Posted December 13, 2013

    Recommended

    Good novel for a first book. Kept my interest as a father. Looking foreword to the other reads.

    1 out of 1 people found this review helpful.

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  • Posted December 16, 2014

    Boring. Couldn't get thru it.

    Boring. Couldn't get thru it.

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  • Anonymous

    Posted November 16, 2014

    Not impressed

    The plot's "twists" you will see from a mile away, the characters are undeveloped and unrelatable, and the ending is rediculous

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  • Posted February 10, 2014

    more from this reviewer

    Disturbing. A grown man having a sexual relationship with a ch

    Disturbing.

    A grown man having a sexual relationship with a child under the age of sixteen is sexual abuse. Period. A twelve year old cannot give consent to a sexual relationship with a grown man. Period. It disturbed me that this point was not made abundantly clear in the novel. The only difference between a twelve year old child being forcibly taken away and being lured to run away is that the sex offender in the later case is smarter and more cunning. I suppose it is so much easier to assign blame to a victim than examine why we as a society still allow and accept the abuse of women and children.

    On the other hand, this is a novel, and the sexual victimization of women and children is still rampant and wildly tolerated in the USA. In the county that I live in, a person will literally do more jail time for driving without a valid driver’s license than for molesting a child. This is a fact. So the author’s portrayal of the conflicting attitudes and opinions in this novel does ring true. So does his griping account of anxiety and psychological disassociation. I also hate knowing ahead of time what is going to happen in a book or a novel. So at first I thought that the novel’s description was a spoiler, in that the girl doesn’t even make an appearance until halfway though the book. But actually, this enhanced the suspense.

    I found myself not able to put this one down.

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  • Posted December 10, 2013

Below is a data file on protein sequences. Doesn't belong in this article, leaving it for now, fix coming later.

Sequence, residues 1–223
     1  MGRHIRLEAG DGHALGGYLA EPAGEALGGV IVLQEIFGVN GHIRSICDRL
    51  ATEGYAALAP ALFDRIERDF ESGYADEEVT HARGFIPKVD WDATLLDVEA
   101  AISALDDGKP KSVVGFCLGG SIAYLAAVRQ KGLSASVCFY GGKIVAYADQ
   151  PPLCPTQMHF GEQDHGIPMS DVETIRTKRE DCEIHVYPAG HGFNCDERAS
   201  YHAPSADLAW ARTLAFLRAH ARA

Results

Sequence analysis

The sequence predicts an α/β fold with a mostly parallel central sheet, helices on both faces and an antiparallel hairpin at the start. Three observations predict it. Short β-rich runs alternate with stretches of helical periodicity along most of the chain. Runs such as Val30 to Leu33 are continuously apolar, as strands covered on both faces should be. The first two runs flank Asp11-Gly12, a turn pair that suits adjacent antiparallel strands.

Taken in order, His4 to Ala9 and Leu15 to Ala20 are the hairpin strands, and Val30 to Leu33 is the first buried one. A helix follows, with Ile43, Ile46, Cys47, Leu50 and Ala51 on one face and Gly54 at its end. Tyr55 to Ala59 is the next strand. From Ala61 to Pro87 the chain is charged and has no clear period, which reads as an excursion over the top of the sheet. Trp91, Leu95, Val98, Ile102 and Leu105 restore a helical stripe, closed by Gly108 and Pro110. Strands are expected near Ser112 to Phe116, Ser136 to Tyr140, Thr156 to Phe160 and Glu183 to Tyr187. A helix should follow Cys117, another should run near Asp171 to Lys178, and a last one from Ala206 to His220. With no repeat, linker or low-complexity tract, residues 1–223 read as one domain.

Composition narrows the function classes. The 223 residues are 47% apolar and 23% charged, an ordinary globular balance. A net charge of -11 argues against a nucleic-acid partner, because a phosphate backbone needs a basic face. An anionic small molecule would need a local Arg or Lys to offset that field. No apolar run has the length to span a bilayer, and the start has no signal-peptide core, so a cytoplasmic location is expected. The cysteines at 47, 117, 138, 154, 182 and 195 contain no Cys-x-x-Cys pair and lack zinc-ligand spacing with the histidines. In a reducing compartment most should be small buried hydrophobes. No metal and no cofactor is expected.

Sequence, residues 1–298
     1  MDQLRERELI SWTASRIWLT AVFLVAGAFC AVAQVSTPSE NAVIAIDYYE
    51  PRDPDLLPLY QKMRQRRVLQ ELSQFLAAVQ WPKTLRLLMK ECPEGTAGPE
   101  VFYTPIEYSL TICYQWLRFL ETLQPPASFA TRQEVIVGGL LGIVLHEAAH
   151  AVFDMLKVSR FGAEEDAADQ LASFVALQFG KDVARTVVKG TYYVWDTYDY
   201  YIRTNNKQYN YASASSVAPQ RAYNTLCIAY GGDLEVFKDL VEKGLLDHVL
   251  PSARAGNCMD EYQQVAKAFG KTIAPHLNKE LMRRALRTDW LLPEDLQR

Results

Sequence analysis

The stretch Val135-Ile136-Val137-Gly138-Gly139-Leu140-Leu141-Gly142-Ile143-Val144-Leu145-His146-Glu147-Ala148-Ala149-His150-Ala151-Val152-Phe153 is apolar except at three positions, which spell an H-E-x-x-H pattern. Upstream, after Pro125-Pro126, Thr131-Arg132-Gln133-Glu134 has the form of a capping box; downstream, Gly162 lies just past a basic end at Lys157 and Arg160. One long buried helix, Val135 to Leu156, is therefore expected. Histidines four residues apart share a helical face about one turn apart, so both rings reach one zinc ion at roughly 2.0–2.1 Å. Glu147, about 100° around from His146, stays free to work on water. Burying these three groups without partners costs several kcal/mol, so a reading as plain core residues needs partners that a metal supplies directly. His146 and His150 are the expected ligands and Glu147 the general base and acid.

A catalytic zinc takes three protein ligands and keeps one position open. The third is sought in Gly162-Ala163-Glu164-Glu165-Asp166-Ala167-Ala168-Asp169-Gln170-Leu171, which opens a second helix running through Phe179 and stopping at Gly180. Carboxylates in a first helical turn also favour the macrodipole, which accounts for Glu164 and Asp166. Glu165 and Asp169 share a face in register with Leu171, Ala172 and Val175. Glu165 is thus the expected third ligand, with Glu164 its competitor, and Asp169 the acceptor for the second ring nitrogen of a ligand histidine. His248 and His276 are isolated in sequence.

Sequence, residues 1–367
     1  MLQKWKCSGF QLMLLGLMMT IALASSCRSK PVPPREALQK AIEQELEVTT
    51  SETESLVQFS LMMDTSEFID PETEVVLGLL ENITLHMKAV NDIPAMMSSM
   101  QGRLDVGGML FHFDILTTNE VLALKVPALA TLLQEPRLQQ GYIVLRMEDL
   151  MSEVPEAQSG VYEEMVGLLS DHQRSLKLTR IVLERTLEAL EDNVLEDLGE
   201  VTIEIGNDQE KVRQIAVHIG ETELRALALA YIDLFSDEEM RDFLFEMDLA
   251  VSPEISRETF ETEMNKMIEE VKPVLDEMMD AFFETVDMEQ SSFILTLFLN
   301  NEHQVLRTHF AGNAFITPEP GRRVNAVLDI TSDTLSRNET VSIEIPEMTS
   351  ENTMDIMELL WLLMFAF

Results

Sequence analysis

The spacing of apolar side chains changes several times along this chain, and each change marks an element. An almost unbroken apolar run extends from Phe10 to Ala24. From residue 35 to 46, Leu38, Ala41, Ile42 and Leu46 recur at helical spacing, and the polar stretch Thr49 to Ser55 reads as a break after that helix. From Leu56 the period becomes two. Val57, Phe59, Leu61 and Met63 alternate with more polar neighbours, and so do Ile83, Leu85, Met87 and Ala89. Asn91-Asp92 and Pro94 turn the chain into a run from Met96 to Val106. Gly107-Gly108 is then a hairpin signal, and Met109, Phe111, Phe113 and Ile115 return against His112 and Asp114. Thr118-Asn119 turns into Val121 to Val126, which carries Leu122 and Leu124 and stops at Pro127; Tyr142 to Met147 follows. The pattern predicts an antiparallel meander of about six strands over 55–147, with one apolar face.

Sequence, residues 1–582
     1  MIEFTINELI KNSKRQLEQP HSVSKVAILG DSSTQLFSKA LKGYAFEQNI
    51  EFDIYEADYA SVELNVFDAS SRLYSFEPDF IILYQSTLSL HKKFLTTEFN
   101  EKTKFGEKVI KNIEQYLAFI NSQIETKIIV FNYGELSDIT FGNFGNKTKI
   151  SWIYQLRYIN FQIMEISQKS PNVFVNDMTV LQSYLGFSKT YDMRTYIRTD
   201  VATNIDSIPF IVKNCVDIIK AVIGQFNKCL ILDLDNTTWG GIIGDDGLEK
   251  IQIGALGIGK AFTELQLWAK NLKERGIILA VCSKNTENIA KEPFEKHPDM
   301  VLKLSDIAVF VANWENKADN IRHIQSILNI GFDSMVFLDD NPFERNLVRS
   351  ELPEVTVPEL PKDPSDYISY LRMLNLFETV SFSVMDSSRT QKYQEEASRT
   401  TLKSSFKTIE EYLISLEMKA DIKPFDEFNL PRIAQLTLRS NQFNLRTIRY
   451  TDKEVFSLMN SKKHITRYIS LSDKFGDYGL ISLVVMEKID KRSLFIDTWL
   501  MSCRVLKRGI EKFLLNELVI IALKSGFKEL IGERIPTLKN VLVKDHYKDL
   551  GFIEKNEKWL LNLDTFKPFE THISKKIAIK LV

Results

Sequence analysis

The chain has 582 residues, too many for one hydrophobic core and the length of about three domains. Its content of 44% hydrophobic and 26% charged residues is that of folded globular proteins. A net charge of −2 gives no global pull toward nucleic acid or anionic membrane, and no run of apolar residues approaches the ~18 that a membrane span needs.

Entertaining

    I was definitely curious about how this story was going to wrap up. I was interested enough that I decided to complete the book. Very different but overall was worth the time

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  • Posted October 20, 2013

    Quick read.

    Did not expect the way this one turned out. This was a quick weekend read. Interesting, Keeps you wondering Who is the bad guys... and will this have a happy ending?

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  • Anonymous

    Posted July 13, 2013

    Mediocre novel.

    Mediocre novel.

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  • Posted May 17, 2013

    more from this reviewer

    Loved it

    Everyone in my book club gave it high ratings .. Averaged out to a 4...it's a quick read because you don't want to put it down

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  • Anonymous

    Posted January 7, 2013

    This book started out with a bang and I couldn't put it down - u

    This book started out with a bang and I couldn't put it down - until about half way through. Then the storyline began developing holes in the plot. Leads were suggested and not followed through. The reader wants to join in the search for Caitlin and her abductor, but instead she is found - all too easily - wandering at night along the side of the road - after 4 years of virtually no clues! To make matters worse, the relationship between her parents is difficult to accept. Tom is driven by the need for closure and to find out the answer as to what happened to Caitlin. Her mother, Abby, feels the opposite and wants to 'move on' from the abduction and loss of her only child. She does this by becoming a religious convert, developing a close 'friendship' with the Pastor of the church, and leaving her husband, Tom. At this point one is left wondering how Tom and Abby ever came to be together in the first place. I will probably not finish this book - at best, I may speed read the remaining half. There are already more loose ends than can be tied up in what is left of this book. Very disappointing.

    0 out of 1 people found this review helpful.

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  • Anonymous

    Posted December 23, 2012

    Omg great book

    This book is for anyone who really loves a great mystery ,but it is really a sad story and always has you guessing . It is sad to say it really is how a predator can get in the head of your child. I wish they would make a movie